Deathcaster is one hell of a conclusion to this series. There is a lot that happens throughout this book, but overall I think the execution was really well done. In a lot of ways, this series really built up a lot of political intrigue, both within the kingdoms themselves, but also between them. This book brings all of those points together as the details are uncovered in full. There was a lot that needed to happen in Deathcaster, after all there were characters all over the place and we knew they had to find their way back to each other some how. That said, I was impressed at how well the book was paced. I was just a little weary at first, but overall it did not feel rushed and I didn’t feel like there were gaping holes left.

I have to say that I feel like Lyss gets more of the time when it comes to character development than others in this series. And that’s probably fair seeing as in some ways she has the most to overcome of any of the characters in this series. Additionally, I think that in this particular book that extra time is important. She is essentially being made to make a decision that either destroys her freedom, or has the potential to destroy her home if she’s not successful in her planning. We get a lot of the struggle that her character is facing and it just feels so real. However, there are other characters that I would have enjoyed seeing more of as well.

Okay… Dragons. Let’s talk about them because I didn’t actually know when I picked up this series that there would be dragons. The way that the dragons communicate was intriguing in itself, but the way that their personalities were developed was THE BEST. It was so much fun. From watching Cas’s development, because he does develop as his own character from book one, all the way to the babies in book four… You cannot possibly not love them. I am obsessed with those dragons. I would die for those dragons. Is it a little much? Yes. Is it true? Also yes.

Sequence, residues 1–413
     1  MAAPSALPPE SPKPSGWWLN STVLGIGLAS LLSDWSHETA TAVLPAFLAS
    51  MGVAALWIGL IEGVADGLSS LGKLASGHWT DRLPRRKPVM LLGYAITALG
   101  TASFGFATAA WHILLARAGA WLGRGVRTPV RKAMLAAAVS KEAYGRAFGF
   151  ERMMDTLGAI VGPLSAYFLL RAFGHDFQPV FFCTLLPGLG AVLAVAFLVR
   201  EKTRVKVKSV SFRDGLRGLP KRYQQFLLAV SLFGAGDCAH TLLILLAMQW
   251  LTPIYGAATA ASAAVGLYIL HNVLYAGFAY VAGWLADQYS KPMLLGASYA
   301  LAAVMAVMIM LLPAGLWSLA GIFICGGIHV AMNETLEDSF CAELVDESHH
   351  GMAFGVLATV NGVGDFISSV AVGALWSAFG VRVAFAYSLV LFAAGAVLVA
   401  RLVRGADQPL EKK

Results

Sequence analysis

Does the ending of the book, or at least the overarching plot, feel a little convenient? Yes, maybe a little, but I enjoyed reading this series so much that honestly I am willing to overlook that. All in all, I thoroughly enjoyed reading the Shattered Realms books and I am absolutely interested in reading Chima’s other works as well. 5/5 Stars.

Shattered Realms Series:
1. Flamecaster
2. Shadowcaster
3. Stormcaster
4. Deathcaster

The Reality of Everything by Rebecca Yarros

The Reality of Everything by Rebecca Yarros
Series: Flight & Glory #5
Publisher: Entangled Publishing, Nook E edition, 363 pages

The man Morgan Bartley loves gave his life in service to his country and she has struggled to come to terms with the loss. In an effort to find something else to focus on, she decides to purchase a fixer upper in need of extensive TLC in the Outer Banks. What she doesn’t expect is for her new neighbor to up-end everything she has worked to bury. Meanwhile Jackson Montgomery lives for two things, his daughter and flying rescue missions for the Coast Guard. Getting involved with his complicated new neighbor was never in the plans.